Turbo-Charging Your Product Development

Bruce Rayner, Contributing Editor, Enterprise Efficiency OEM | 11/11/2011 | 2 comments

Bruce Rayner
For some time now I've been wanting to write a blog about the connection between the OEM product development process and IT services. I've been hounding my OEM contacts asking for concrete examples of how IT has enabled them to be more innovative, speed up time to market, and reduce cost. But frankly, I've been hard-pressed to find an example that speaks to a direct connection between IT and product development.

I put the lack of examples down to the cultural gap between the two departments. After all, they live in different worlds, have different priorities, and speak different languages. IT requests from the product development department typically get thrown over the proverbial wall, where they are logged, prioritized, and given a ticket number. Response times to service requests are often maddeningly slow and the solution provided woefully inadequate. So much for improving time to market.

But Matt Wolken, a corporate strategist at Dell, described an interesting project at National Instruments (NI), a global electronics instrumentation company headquartered in Austin, Texas, that captured the connection. Matt put me in touch with Ernest Mueller, a cloud architect at NI, who explained how the company reorganized IT so the IT development process and the product development process were tightly coupled, resulting in the ability of the company to quickly and cheaply launch new Web-based customer applications.

NI makes both hardware and software products for capturing and measuring real-world analog signals and translating the data into usable graphical information for analysis. The company provides products to companies in many sectors, including aerospace, automotive, medical, and energy. Engineers and scientists at these companies use NI's graphical programming language called LabVIEW to display data in a readable format.

A couple of years ago, the company saw the writing on the wall and decided to develop a browser-based version of LabVIEW called Web UI Builder that would provide customers with a software-as-a-service option. But it ran into problems early on because of a disconnect between the product development and IT departments for the usual reasons: siloed organizations, poor communications, uptime problems, and so on.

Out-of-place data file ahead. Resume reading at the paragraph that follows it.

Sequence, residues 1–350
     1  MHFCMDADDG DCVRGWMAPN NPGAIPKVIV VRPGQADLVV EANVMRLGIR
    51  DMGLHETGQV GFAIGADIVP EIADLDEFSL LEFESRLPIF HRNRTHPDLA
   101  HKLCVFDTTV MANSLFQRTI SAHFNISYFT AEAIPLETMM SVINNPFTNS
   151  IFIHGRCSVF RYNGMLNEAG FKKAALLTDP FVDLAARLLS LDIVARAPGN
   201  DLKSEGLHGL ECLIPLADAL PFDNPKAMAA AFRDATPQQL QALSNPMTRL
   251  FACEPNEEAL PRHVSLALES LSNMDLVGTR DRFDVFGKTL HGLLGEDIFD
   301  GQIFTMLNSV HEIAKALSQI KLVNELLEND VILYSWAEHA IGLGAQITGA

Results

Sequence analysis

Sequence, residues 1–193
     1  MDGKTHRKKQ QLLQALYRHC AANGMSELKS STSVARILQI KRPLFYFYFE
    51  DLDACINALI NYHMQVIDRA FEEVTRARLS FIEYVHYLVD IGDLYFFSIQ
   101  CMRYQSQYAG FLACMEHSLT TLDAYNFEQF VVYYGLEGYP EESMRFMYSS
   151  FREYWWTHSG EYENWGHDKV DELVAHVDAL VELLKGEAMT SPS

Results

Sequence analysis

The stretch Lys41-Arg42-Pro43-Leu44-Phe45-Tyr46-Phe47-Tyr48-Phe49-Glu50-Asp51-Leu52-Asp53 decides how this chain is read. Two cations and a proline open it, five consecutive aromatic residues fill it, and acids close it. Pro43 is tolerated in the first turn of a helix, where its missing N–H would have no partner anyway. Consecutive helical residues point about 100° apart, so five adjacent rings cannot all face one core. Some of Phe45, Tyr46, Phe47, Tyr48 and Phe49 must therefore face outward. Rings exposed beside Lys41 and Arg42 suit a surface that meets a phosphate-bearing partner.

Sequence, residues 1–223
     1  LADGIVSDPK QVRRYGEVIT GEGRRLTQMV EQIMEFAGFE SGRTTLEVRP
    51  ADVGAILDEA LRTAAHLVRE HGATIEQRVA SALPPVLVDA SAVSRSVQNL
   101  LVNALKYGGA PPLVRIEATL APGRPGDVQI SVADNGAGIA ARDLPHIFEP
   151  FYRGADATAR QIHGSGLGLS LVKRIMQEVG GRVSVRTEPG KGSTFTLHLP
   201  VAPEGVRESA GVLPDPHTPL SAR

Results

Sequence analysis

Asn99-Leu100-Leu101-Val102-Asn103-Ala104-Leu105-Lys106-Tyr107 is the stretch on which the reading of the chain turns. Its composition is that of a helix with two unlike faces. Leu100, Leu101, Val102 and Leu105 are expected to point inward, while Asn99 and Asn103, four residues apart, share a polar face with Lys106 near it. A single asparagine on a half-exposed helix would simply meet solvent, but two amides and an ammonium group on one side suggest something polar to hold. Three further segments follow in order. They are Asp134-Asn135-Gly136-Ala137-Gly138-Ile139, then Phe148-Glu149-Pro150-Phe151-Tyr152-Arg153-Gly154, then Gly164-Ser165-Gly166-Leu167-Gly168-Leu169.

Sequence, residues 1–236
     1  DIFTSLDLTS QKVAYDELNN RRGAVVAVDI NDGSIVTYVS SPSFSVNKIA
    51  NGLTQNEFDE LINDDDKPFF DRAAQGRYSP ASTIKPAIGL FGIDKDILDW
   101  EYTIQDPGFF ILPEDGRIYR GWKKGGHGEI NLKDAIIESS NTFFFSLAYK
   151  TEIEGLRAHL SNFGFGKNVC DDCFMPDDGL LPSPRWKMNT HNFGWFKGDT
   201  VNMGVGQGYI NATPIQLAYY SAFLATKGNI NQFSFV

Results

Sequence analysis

The solution NI pursued was radical. It broke down that proverbial wall and embedded an IT Web development team in with the product development team. This group of "can do" developers began to cobble together a whole new approach to product development that included adopting a DevOps approach to IT services, using agile software development involving cross-functional teams, and tapping into the cloud to lower the cost of product development work.

An early example of the fruits of the new approach was a browser-based application for collecting wind speed data from sensors mounted on wind turbines that measured blade vibration. Using LabVIEW Web UI Builder, the customer created a graphical app and, via the Internet, embedded the software into each of the NI sensors mounted on the windmills. The app enabled the customer to monitor the operation of all the turbines in real time.

It's a textbook example of an innovative, cheap, and quick software solution that created value for the customer. And it's application-agnostic. LabVIEW Web UI Builder -- together with a few other tools that NI has developed -- can be used to gather data from networks of sensors mounted on aircraft, bridges, buildings, cars, windmills, or whatever to monitor any number of environmental variables.

So why, you ask, is this relevant to your company? There are a couple of reasons. First, NI developed the Web-based LabVIEW app by restructuring the way IT and product development work together. They are now collaborators. Second, they took the philosophy and practices behind DevOps and agile software development and married them to cloud computing to boost innovation and speed development, and to lower cost for both the company's own internal development projects and for the customers' products.

If that's not a powerful combination worth emulating, I don't know what is.

View Comments: Newest First | Oldest First | Threaded View
Bruce Rayner   Turbo-Charging Your Product Development   11/11/2011 5:44:20 PM
Re: IT being part of the project team
Thanks Mejiac. It was a great case study - very innovative approach. I'm looking for more case studies so if you have ideas and/or connections for stories of how IT has truly helped innovate product development let me know!

 
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mejiac   Turbo-Charging Your Product Development   11/11/2011 3:38:01 PM
IT being part of the project team
 

Excellent Article!

This shows an innovative way to do things differently to do it right the first time.

Managing projects has its set of obstacle, and one of them is making sure the correct team is working on it. Many times IT is not directly involved because it's seen as the Helpdesk, and not someone that can actually put a new opportunity on the table.

All projects should have a rep from all departments, leading to ideas that might have not been considered. At the end it comes down to team effort.

 


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